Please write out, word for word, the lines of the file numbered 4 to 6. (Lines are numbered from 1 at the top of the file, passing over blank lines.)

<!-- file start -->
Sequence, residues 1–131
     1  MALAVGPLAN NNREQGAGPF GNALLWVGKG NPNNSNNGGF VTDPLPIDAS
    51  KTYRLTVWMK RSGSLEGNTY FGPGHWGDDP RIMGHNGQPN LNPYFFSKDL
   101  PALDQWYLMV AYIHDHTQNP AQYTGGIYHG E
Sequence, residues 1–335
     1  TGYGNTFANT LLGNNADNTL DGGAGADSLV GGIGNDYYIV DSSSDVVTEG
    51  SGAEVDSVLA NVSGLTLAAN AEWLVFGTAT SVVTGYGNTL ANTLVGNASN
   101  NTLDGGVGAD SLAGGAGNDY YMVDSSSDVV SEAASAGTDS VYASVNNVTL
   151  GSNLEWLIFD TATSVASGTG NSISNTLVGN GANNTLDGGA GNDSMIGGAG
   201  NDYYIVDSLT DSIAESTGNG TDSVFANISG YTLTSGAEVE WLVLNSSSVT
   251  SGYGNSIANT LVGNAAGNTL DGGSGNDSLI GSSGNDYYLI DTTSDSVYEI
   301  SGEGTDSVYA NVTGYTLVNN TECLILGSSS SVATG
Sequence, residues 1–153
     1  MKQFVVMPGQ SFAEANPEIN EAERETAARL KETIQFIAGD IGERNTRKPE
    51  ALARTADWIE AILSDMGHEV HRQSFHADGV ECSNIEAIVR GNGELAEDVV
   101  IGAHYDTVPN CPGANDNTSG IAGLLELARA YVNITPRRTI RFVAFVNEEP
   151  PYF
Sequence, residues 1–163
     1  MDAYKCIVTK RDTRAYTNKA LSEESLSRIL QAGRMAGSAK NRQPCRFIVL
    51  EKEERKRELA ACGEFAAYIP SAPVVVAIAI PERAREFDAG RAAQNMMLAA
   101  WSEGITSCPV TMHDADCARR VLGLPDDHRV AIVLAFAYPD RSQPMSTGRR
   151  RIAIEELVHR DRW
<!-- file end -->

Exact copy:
   101  PALDQWYLMV AYIHDHTQNP AQYTGGIYHG E
Sequence, residues 1–335
     1  TGYGNTFANT LLGNNADNTL DGGAGADSLV GGIGNDYYIV DSSSDVVTEG